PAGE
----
SAN JOSE -- Facing declining margins in the commodity PC space, traditional audio-chip vendors are looking elsewhere for profits.
The trend is becoming apparent at several leading audio-chip manufacturers and is driven primarily by the increasing use of software-based audio technology as a means to reduce the costs of PC platforms.
For example, while it will maintain a presence in the PC-audio market, Yamaha Systems Technology Inc., of San Jose, recently cancelled its YMF744 digital PC-audio controller and two related add-on cards.
Philips Semiconductors, the Dutch-based chip maker, similarly indicated that it is planning an audio strategy shift in February, according to a company spokesman, while audio-chip house ESS Technology Inc. has licensed a 32-bit MIPS core as part of its diversification effort.
A Yamaha spokeswoman confirmed the cancellation of the YMF744 controller and related XG Quad and XG Movie 5.1 sound cards, but declined to explain the decision. However, a source at the company said Yamaha is devoting more resources to software-generated PC audio than to chip development.
"The PC industry is becoming crowded, and there's not much margin in there," said a source at the company, who recalled the good old days when an audio vendor could turn a sizable profit on a $20 chip. "After the Camino chip set started shipping, the opportunities became limited."
Indeed, the introduction of Intel Corp.'s 820, or Camino, chip set in November may have signaled a turning point for the audio hardware industry by including Intel's Audio Codec '97 (AC'97) specification, which allows PC-audio software to be processed via an Intel chip set and associated analog codec.
Although the specification was first included in the Intel 810, or Whitney, chip set, the mainstream Camino device established the AC'97 and subsequent Digital Controller '98 specifications as the de facto standards in PC audio, according to observers.
Faced with that market reality, PC-audio houses have already begun to adapt their strategies. Compaq Computer Corp. and Micron Electronics Inc., for example, both are using Yamaha's RS-YXG50, a 128-voice software synthesizer application that includes Yamaha's XG digital sound modeling software.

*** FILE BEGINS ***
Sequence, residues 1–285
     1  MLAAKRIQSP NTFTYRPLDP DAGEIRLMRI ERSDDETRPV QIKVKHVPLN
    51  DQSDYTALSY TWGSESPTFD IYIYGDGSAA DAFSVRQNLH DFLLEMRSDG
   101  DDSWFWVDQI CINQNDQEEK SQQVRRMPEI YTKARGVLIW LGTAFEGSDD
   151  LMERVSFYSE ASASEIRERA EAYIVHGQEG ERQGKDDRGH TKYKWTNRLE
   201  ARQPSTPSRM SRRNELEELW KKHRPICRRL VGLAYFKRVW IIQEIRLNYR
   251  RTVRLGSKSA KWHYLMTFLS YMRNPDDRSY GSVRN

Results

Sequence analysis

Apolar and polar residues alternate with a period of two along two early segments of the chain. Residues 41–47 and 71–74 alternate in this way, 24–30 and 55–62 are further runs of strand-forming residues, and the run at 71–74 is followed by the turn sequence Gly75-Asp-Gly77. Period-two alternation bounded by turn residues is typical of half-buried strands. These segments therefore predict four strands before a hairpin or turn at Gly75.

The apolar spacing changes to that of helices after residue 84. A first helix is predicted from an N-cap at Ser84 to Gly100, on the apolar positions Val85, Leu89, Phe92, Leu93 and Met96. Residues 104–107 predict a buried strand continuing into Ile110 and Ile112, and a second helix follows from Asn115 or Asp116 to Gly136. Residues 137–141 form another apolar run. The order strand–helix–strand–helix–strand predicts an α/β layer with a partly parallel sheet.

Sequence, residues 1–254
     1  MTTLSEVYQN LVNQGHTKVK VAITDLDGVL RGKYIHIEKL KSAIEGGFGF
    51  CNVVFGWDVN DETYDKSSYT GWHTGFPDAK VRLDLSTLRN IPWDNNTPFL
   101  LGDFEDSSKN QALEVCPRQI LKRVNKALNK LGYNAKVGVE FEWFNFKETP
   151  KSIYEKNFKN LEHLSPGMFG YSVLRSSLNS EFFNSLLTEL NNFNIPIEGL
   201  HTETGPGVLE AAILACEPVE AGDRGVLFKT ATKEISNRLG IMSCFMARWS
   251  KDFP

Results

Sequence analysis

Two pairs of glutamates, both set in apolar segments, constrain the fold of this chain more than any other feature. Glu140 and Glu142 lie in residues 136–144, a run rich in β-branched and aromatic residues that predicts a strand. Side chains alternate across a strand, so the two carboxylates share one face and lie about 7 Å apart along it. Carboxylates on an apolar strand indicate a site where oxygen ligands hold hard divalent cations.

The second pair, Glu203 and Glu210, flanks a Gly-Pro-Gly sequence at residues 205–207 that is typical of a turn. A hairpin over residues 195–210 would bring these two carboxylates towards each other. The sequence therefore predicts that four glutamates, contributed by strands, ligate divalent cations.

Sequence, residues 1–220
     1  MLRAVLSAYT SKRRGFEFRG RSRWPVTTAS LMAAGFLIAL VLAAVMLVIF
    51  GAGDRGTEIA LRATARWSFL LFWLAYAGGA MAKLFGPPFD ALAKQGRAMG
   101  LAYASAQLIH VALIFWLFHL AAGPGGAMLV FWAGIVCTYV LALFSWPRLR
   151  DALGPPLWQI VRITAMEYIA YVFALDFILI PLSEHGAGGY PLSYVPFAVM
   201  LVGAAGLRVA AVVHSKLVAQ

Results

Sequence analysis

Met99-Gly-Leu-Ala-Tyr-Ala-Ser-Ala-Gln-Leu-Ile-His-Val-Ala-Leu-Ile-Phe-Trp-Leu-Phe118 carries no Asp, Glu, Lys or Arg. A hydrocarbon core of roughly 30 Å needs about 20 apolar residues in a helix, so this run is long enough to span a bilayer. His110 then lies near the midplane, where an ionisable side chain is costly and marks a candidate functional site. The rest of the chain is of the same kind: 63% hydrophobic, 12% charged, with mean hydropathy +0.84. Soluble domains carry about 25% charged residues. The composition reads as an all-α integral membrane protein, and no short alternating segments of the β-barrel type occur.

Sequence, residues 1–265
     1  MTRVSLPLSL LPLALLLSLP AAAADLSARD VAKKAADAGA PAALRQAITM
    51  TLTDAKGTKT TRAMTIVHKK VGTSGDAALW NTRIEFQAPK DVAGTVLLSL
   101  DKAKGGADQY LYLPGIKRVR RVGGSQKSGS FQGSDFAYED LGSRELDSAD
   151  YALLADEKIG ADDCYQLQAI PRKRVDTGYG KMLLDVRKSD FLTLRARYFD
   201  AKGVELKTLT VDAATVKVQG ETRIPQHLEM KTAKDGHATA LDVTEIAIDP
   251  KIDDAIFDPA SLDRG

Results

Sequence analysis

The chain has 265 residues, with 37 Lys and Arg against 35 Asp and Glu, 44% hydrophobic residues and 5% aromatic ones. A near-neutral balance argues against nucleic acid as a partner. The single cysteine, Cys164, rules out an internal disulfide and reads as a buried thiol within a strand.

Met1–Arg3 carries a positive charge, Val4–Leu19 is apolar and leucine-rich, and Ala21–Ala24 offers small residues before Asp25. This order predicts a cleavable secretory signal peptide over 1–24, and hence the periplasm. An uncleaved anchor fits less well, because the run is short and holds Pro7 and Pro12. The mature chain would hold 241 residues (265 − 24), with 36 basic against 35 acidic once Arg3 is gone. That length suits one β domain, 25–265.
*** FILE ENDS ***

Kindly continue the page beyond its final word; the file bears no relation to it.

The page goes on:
And while Yamaha also makes the software's associated analog codec, it expects to put more resources into A/V silicon for the PC and Melody IC, a chip capable of four-voice polyphony in conjunction with secure music transmission over wireless-telephone handsets, a source close to the company said.
Likewise, Philips is looking to capitalize on its consumer-market expertise to refocus the Thunderbird line of PC-audio accelerators developed by VLSI Technology Inc., which Philips acquired earlier this year.
A spokesman at Philips in Sunnyvale, Calif., said a strategy shift should be announced sometime in February. "Customers looked at our PC chip and said, 'This is really neat,'" the spokesman said. "But they never ended up buying it."
In a similar fashion, Fremont, Calif.-based ESS Technology has licensed the MIP32-4KC synthesizable processor core from MIPS Technologies Inc. in Sunnyvale. The company will integrate the core into high-performance system-on-chip solutions for the digital consumer-appliance market.
"ESS Technology's roadmap of silicon solutions for the Internet, e-commerce, digital video, education, entertainment, and other related applications require high performance and high integration," said company chairman Fred Chan. "The power of MIPS architecture and the flexibility of MIPS Technologies' IP-business model allows ESS to develop system-on-a-chip ICs that will power the next generation of consumer entertainment appliances."